I think it is also a question of globalization. If one lives the whole life within a distinct system, one is used to it. Difficulties only rise if he/she goes or has to move to another system.

    Further it seems curious to me that we still have the 12 system for measuring time. Perhaps it is too difficult to introduce another one. The benefit of changing this related to the expenditure might not be worth it. Not to mention the time it would be necessary to change this really.

    I remember the changing of our Deutsche Mark (German marks) into Euro. It takes years of getting used to the new system. The situation in Germany was easy compared to other countries as the ratio was nearly 2 times. But even this situation was exploited by managers to hide markups.

    So on the one hand a big point is what we are used to. The other is that a complicated system contains more chances to hide for example unsound offers.

  17. #17 Rob
    on Apr 2nd, 2010 at 7:49 am

    @Susan, Uwe, and others along this line – I remember our talking about and playing with the metric system in my school days (in the 50s and 60s), especially in math and science classes — big-time in science classes. But our children were taught a lot about the metric system when they were in school and can actually visualize how deep 20 cm of snow would be. ๐Ÿ™‚ I’ve gotten on to it a little bit with temperatures, travel distances (km especially), and also liters from our times in France and China, but other parts of it find me clueless — like, how much would such-and-such a number of centiliters be, etc. I like the facility of the metric concept and can certainly see the advantages. I wish we would/could just once and for all make the change and move us beyond this no-man’s-land situation we’re in now.

    @Miriam – What can I say? I’ve seen it myself, and probably done some pretty dumb things myself in all innocence. ๐Ÿ˜€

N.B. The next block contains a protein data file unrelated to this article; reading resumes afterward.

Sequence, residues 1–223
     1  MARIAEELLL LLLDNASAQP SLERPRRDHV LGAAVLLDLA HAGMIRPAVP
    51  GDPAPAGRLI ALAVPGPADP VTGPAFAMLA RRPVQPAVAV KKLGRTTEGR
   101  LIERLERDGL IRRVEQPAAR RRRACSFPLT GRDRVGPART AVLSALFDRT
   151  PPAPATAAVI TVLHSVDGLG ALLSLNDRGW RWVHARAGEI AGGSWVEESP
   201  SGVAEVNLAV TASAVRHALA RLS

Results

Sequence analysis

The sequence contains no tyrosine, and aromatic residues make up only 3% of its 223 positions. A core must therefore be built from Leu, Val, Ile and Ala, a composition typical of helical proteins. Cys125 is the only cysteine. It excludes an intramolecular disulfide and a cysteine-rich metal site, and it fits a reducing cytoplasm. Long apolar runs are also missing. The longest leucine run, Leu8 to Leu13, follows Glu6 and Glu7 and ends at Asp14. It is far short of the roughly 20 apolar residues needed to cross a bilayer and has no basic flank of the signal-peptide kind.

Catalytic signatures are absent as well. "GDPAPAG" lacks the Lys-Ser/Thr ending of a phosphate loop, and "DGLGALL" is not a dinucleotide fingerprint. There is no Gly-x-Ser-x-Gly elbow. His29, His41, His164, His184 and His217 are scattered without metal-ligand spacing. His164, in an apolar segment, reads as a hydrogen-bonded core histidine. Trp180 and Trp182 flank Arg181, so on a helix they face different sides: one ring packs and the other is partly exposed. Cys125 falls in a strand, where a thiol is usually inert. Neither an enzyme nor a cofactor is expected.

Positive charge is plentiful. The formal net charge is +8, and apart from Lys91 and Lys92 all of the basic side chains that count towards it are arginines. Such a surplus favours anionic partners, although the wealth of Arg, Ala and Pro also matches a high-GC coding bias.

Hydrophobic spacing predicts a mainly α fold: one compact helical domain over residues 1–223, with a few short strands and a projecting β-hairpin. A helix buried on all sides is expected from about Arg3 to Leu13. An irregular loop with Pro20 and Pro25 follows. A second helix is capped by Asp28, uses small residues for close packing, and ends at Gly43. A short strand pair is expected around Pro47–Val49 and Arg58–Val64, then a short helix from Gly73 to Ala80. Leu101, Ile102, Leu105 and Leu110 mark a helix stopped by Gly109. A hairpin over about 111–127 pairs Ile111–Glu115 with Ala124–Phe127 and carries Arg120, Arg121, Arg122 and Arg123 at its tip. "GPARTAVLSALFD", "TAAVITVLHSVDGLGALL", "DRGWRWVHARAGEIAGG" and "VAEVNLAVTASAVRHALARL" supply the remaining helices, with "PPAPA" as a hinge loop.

18. #18 Susan
    on Apr 3rd, 2010 at 10:53 am

    Have to agree with Miriam! No need to wonder why Canadians dislike Americans so much.

  19. #19 Sue
    on Apr 5th, 2010 at 8:56 pm

    I laughed out loud over the map of “how some Americans seem to view the world.” Thanks for sharing!

  20. #20 Rob
    on Apr 6th, 2010 at 6:07 am

    @Sue – Glad you enjoyed it. I will echo Miriam’s comment that “it is almost too true to be funny.” I guess that that is the case of much of humor — we can laugh heartily at something we know to be ridiculously true.

  21. #21 Laura
    on Apr 6th, 2010 at 6:37 am

    It has taken a long time to get a response posted this time ’round. Winders XP is acting up, and loading web pages & downloading e-mail has been a bear! It was worth the effort to see all the comments this time, though!

    The term “pound cake” comes from the *recipe*, rather than the weight of the finished product . . . a pound of eggs (about 8 large, these days – back when the cake was invented, folks had their own hens, which didn’t lay pre-sorted sizes!), a pound of flour, a pound of sugar (diabetes, anyone?), and a pound of butter . . . see http://baking.about.com/od/bundtcakes/a/allaboutpound.htm for more info.

    144 is our kids’ favorite number, I think. Whenever someone has it for the answer to a math problem, we hear “Ooooh, GROSS!!!”

    It was interesting to see that the British tape measure had 1/10 inch increments. We have some rulers with that division system, and it makes some kinds of measurements easier. I think that it is good to be able to choose a measurement system to suit the need of the moment. Perhaps the reason that we don’t change time to base ten is that it has worked so well so long as is. There simply isn’t a need to change something that everyone already agrees on.

  22. #22 Rob
    on Apr 7th, 2010 at 5:12 am

    @Laura – It was good to run into you on campus and to talk a little. Thanks for the explanation of the name of “pound cake.” Seems like those proportions wouldn’t be good for our proportions!

    Your home school must be a very interesting and amusing place! ๐Ÿ˜‰